http://en.wikipedia.org/wiki/Sociable_number

I was reading the wiki on Sociable numbers and I found it interesting that there are no known social numbers of order 3 (i.e. there are three numbers in the cycle). Do you think there's a way to prove that social numbers do or do not exist for any known order?

Also, the wiki talked about the theorizing the possibility that all numbers (positive integers) are either part of a social cycle or terminate at 1 by summing up proper divisors to get numbers in the next sequence. While this seemed kind of mind blowing — that perhaps there might be a counterexample to this of a sequence of composite numbers that never reach a prime, since all primes determine the next number in the sequence to be 1 — it also reminded me of a similar conjecture that i enjoy: the Collatz Conjecture.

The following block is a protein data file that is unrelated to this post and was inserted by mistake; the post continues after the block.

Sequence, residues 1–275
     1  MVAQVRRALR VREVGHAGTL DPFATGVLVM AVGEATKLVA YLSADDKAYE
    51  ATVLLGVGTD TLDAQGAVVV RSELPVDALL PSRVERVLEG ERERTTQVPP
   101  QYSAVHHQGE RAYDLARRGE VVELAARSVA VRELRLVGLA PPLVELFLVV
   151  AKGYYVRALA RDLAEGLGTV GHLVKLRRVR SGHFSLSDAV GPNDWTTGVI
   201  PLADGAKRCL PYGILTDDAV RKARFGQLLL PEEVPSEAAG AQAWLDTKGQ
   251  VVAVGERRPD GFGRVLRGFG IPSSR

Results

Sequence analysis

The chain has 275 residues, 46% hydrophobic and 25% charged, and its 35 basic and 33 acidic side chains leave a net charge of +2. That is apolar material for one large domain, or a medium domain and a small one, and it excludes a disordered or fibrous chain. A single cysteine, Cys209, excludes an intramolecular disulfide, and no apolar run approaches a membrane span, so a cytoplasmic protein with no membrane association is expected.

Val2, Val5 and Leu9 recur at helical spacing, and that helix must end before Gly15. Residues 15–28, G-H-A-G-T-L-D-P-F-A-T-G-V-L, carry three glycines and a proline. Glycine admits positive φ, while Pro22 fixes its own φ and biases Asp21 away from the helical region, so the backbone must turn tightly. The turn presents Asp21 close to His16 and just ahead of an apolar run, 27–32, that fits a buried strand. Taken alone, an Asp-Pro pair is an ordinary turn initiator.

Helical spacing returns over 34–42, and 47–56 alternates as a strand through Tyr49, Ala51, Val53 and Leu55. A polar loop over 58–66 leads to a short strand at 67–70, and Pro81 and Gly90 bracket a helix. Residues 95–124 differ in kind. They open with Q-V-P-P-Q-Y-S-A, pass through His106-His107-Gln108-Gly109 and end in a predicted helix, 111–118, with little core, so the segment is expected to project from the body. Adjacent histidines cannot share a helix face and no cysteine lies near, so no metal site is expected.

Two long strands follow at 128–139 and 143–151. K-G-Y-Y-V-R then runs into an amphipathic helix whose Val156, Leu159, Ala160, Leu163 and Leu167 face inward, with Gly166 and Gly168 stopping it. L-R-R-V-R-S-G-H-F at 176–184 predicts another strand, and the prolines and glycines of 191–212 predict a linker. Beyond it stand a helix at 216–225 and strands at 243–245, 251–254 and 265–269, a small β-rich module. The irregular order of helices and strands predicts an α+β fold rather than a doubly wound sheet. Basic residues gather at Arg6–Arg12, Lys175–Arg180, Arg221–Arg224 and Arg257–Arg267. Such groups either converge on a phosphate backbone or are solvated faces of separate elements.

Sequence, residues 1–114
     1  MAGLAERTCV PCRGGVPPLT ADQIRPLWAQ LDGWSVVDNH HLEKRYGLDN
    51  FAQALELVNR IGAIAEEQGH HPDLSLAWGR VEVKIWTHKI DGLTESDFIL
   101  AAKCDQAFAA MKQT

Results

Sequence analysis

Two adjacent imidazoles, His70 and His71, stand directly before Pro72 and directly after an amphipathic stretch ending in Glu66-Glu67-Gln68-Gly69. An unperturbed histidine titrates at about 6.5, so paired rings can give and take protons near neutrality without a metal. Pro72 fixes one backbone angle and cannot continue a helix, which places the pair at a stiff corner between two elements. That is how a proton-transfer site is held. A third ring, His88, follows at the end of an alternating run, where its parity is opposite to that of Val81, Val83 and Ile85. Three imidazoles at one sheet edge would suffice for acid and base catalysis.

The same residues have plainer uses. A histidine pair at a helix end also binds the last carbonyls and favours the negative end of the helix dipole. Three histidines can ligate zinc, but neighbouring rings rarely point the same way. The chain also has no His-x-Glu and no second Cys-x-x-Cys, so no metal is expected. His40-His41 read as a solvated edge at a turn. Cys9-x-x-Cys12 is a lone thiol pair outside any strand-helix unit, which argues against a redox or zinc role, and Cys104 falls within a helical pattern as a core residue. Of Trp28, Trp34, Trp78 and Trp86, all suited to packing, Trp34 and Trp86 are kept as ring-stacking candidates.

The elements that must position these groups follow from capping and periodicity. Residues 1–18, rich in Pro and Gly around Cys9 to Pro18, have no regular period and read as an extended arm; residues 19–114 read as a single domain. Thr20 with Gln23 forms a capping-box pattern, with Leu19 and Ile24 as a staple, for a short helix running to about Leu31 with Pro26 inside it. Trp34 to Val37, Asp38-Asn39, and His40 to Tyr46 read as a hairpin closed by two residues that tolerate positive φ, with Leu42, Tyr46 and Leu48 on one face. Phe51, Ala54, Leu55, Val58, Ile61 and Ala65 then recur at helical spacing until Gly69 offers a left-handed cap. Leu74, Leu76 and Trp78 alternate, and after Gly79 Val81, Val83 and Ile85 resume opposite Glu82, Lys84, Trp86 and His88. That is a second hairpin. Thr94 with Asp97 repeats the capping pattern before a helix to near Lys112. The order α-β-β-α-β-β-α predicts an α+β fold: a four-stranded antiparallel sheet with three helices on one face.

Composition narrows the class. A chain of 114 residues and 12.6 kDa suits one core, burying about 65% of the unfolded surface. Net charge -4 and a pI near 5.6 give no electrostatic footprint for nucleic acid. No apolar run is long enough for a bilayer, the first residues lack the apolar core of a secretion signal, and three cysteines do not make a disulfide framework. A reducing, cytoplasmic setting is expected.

The Collatz Conjecture makes a statement about a certain sequence. Take any positive integer to be the first term of a sequence and consider the following operations to determine the next number in the sequence. If the number is even, divide it by two, but if it is odd, multiply it by three and add one. The Collatz Conjecture says that for any sequence starting at any positive integer, this sequence will always reach 1.

Pretty crazy, huh? I think so, anyway. Paul Erdős said of the problem, "Mathematics is not yet ready for such problems." He offered $500 for its solution, which if you know Paul (or know of him), is quite the sum.